I whisper, Heal us, heal us
hope my words find a prayer,
imagine it rising like mist—
how easy it used to be as a child.
The ritual of bended knees, my head leaning
on tethered palms against my bed, and what
had I said—some small song
to the celestial back then?
That was before the angels
saved me on the dark corridor
of highway, before the acres
of pain, before the table
of contents and knowing the end
of the story, how I wanted to shout,
Why do we have to die?
I remember flying in a thunderstorm—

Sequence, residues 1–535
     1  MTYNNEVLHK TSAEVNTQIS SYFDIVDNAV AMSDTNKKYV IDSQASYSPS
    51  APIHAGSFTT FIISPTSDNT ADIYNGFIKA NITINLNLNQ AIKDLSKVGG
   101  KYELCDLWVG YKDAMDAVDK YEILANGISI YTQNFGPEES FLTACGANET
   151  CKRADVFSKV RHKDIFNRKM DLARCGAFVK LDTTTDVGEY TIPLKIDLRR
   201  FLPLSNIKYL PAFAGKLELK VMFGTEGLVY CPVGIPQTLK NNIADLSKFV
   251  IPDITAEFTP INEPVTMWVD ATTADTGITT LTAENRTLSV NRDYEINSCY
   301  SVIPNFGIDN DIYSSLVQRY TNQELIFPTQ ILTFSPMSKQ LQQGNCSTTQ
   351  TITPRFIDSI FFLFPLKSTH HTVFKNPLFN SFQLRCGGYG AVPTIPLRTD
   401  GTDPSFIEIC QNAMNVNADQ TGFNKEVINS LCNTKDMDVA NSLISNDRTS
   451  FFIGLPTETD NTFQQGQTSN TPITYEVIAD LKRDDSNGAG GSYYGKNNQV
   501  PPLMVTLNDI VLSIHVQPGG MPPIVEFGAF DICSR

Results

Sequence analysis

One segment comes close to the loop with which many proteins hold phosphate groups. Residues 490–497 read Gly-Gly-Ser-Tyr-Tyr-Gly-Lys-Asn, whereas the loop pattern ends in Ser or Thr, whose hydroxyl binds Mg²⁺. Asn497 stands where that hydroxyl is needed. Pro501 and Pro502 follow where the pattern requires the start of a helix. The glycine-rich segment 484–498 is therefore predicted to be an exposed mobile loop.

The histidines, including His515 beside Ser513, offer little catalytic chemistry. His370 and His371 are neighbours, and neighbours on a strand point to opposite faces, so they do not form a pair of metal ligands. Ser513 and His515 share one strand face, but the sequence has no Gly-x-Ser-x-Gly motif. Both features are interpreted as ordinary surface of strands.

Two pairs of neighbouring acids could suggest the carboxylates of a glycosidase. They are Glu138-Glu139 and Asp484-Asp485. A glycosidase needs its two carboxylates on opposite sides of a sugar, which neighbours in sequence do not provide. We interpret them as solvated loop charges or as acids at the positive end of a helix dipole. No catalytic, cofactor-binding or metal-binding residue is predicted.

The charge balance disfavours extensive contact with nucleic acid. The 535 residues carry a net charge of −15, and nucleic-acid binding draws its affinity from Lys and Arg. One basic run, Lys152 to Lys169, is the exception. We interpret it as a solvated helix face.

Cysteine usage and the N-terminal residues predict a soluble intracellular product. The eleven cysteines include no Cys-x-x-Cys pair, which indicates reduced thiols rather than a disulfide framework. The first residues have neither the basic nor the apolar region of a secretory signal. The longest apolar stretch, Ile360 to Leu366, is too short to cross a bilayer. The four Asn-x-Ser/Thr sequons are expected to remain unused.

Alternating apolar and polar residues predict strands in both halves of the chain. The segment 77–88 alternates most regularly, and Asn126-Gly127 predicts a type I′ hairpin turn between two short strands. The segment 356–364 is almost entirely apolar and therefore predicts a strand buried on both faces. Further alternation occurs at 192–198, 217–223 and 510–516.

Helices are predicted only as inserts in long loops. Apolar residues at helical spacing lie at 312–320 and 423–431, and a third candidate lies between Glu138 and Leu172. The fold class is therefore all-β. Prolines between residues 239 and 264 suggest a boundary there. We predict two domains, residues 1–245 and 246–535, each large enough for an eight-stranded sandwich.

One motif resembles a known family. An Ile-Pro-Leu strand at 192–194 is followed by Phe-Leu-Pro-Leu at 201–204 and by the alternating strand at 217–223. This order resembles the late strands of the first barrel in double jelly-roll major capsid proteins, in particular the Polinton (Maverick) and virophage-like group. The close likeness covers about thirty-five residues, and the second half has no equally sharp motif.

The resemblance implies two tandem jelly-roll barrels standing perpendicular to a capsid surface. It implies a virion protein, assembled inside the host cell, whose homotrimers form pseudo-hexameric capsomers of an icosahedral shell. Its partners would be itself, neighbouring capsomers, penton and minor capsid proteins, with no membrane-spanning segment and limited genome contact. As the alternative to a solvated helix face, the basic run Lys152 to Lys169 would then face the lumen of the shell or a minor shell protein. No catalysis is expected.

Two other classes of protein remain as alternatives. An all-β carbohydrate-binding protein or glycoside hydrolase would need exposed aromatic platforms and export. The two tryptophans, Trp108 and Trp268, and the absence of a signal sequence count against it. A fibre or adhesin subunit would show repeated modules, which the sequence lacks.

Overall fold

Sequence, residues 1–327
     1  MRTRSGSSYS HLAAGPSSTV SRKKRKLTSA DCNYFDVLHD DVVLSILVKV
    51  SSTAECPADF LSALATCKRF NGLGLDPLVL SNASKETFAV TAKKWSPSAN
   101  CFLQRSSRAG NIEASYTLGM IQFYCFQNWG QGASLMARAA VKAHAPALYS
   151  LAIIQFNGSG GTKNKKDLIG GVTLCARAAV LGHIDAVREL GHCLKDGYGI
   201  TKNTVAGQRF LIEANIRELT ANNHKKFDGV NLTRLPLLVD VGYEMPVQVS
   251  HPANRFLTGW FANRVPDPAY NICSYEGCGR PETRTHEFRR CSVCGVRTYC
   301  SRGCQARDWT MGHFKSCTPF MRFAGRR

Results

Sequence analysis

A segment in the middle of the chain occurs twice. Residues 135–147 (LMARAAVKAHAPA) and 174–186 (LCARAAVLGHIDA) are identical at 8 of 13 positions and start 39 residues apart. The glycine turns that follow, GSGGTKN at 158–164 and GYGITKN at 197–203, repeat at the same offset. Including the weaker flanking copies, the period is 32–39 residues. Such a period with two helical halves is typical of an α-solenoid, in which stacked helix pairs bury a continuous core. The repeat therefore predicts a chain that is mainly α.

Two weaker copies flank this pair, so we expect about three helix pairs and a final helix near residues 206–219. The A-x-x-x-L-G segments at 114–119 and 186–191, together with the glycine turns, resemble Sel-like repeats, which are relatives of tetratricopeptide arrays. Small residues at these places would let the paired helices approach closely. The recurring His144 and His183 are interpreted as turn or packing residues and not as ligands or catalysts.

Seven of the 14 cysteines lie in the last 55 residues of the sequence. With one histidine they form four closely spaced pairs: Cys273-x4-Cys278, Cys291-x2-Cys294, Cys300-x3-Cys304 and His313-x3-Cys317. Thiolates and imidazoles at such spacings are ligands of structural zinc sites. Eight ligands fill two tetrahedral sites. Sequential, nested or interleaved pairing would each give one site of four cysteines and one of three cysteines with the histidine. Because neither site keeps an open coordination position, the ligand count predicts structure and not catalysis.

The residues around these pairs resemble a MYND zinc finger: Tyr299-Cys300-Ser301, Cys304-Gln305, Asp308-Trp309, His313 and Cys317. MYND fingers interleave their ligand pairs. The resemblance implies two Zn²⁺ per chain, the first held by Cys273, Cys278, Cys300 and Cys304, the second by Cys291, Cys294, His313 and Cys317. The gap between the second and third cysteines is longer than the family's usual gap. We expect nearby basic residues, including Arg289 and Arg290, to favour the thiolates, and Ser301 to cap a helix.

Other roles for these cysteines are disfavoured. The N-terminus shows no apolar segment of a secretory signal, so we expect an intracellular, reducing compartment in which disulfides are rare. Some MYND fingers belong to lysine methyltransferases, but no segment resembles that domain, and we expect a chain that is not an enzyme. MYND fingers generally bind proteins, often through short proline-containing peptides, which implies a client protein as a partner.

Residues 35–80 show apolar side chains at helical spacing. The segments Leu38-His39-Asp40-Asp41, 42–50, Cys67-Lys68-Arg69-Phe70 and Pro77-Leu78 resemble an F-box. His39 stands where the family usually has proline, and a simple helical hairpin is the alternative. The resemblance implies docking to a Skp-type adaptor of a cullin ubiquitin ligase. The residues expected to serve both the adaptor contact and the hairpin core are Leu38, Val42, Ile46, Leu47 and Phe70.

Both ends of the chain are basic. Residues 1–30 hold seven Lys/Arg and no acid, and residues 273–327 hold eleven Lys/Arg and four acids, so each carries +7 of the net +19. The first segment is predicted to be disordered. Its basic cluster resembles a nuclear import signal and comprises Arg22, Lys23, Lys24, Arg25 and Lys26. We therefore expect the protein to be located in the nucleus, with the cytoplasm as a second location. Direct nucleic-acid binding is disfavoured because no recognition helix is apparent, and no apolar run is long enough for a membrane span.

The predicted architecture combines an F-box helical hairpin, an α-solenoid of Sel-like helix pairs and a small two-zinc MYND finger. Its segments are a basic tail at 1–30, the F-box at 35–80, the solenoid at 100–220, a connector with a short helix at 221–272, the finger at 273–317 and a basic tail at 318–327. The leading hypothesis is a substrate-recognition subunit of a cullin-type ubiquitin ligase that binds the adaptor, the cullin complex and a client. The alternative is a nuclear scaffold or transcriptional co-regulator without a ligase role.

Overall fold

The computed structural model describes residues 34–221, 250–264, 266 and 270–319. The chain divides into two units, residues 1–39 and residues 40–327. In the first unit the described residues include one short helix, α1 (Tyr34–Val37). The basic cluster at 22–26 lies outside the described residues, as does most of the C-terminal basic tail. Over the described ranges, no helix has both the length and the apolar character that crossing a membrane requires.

the other passengers slept or read
while I was desperate to hold
hands with a stranger in the dark
disturbance, barnacle myself
to another to keep us whole.
Image: “Airplane in thunderstorm” by Dennis Koski, licensed under CC 2.0.
Sarah Dickenson Snyder:
This has been a long stretch of keeping fear and anxiety at bay—the political environment for the past four years, the past twelve months of quarantining, and the desperate need for equality. How everything seems lined in frightening possibilities, just gathering food, seeing my sister and her family from across a fire pit, and everyone I love in small rectangles on my computer screen. I have been sending out small prayers to a god I’m not sure of. This poem came from that dark, deep well and the need for healing in so many ways, how touching someone can be a mooring.